In this situation of this Assembly, groping as it were in the dark to find political truth, and scarce able to distinguish it when presented to us, how has it happened, Sir, that we have not hitherto once thought of humbly applying to the Father of lights to illuminate our understandings? In the beginning of the Contest with G. Britain, when we were sensible of danger we had daily prayer in this room for the divine protection.- Our prayers, Sir, were heard, & they were graciously answered. All of us who were engaged in the struggle must have observed frequent instances of a superintending providence in our favor. To that kind providence we owe this happy opportunity of consulting in peace on the means of establishing our future national felicity. And have we now forgotten that powerful friend? or do we imagine that we no longer need his assistance? I have lived, Sir, a long time, and the longer I live, the more convincing proofs I see of this truth- that God Governs in the affairs of men. And if a sparrow cannot fall to the ground without his notice, is it probable that an empire can rise without his aid? We have been assured, Sir, in the sacred writings, that ‘except the Lord build the House they labour in vain that build it’. I firmly believe this; and I also believe that without his concurring aid we shall succeed in this political building no better, than the Builders of Babel: We shall be divided by our little partial local interests; our projects will be confounded, and we ourselves shall become a reproach and bye word down to future ages. And what is worse, mankind may hereafter from this unfortunate instance, despair of establishing Governments by Human wisdom and leave it to chance, war and conquest.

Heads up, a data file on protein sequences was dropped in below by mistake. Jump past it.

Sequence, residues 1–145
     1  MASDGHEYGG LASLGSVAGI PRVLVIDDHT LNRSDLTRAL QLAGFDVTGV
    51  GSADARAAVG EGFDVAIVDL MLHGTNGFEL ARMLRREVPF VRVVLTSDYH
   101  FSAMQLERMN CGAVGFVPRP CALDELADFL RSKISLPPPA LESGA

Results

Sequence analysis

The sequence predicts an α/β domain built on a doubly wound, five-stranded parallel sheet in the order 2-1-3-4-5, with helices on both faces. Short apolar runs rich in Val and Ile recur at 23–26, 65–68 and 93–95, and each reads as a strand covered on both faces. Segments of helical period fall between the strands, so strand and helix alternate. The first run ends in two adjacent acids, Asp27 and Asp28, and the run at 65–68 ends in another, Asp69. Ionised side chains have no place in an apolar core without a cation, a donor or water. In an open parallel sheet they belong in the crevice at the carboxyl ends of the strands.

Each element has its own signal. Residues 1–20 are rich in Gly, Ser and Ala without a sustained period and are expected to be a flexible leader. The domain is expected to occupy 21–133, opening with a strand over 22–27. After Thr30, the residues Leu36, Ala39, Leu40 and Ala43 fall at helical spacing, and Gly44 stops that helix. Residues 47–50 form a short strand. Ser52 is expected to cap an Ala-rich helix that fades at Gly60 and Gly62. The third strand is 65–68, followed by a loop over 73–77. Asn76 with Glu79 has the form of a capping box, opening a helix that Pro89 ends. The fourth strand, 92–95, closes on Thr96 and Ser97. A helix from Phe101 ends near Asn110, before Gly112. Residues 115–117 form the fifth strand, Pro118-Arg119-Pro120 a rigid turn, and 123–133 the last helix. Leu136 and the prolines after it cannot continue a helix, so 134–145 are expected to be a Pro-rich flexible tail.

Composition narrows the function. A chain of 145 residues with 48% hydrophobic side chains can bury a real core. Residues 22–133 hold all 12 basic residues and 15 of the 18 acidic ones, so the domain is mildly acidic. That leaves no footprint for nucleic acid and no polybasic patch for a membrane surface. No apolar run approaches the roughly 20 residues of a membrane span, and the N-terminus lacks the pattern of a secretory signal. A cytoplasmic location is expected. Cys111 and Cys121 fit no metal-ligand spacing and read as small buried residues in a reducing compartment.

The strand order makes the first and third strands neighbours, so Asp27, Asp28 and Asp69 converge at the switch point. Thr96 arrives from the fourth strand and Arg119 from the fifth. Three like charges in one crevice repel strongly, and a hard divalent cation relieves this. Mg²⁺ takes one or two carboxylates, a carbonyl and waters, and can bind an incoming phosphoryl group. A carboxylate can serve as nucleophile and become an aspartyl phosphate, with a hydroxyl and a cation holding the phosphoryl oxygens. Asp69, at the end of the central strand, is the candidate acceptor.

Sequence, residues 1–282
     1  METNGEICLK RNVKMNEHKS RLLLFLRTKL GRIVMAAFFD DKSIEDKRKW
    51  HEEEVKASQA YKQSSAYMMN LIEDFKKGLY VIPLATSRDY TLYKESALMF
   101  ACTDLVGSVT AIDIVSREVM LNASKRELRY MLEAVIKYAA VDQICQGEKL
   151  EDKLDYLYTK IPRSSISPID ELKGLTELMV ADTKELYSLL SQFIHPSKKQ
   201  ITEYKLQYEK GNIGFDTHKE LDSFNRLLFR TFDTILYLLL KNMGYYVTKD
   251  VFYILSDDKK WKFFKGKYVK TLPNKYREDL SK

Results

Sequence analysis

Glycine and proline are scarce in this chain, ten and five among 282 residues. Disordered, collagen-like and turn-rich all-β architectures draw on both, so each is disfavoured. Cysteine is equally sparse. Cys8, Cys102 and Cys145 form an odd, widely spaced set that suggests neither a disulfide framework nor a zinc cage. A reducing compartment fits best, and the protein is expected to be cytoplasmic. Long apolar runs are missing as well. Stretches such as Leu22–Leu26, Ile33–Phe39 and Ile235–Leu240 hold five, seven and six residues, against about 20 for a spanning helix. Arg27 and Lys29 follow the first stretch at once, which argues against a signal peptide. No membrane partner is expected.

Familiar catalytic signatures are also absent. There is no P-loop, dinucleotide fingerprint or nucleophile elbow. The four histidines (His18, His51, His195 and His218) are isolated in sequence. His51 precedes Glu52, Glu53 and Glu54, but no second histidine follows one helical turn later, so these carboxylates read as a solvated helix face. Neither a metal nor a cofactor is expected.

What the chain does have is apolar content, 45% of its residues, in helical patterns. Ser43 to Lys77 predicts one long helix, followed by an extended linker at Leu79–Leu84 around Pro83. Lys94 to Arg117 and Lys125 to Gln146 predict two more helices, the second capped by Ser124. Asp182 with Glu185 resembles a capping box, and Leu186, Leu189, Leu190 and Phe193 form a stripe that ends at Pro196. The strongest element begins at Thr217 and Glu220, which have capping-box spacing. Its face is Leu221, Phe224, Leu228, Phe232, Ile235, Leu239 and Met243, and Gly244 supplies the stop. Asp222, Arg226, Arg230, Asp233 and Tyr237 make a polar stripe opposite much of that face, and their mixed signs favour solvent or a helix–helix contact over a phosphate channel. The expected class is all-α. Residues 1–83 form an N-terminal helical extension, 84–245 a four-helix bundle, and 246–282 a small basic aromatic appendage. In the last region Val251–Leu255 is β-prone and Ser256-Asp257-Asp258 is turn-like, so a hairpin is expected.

I therefore beg leave to move-that henceforth prayers imploring the assistance of Heaven, and its blessings on our deliberations, be held in this Assembly every morning before we proceed to business, and that one or more of the Clergy of this City be requested to officiate in that Service-“ (The Avalon Project, Lillian Goldman Library, Yale Law School)

The best that can be found regarding Franklin in today’s textbooks is that he calmed the delegates by telling amusing stories.

233. From George Washington’s first inaugural address:

“… it would be peculiarly improper to omit in this first official act my fervent supplications to that Almighty Being who rules over the universe, who presides in the councils of nations, and whose providential aids can supply every human defect, that His benediction may consecrate to the liberties and happiness of the people of the United States a Government instituted by themselves for these essential purposes, and may enable every instrument employed in its administration to execute with success the functions allotted to his charge. In tendering this homage to the Great Author of every public and private good, I assure myself that it expresses your sentiments not less than my own, nor those of my fellow- citizens at large less than either. No people can be bound to acknowledge and adore the Invisible Hand which conducts the affairs of men more than those of the United States. Every step by which they have advanced to the character of an independent nation seems to have been distinguished by some token of providential agency “ (The Avalon Project)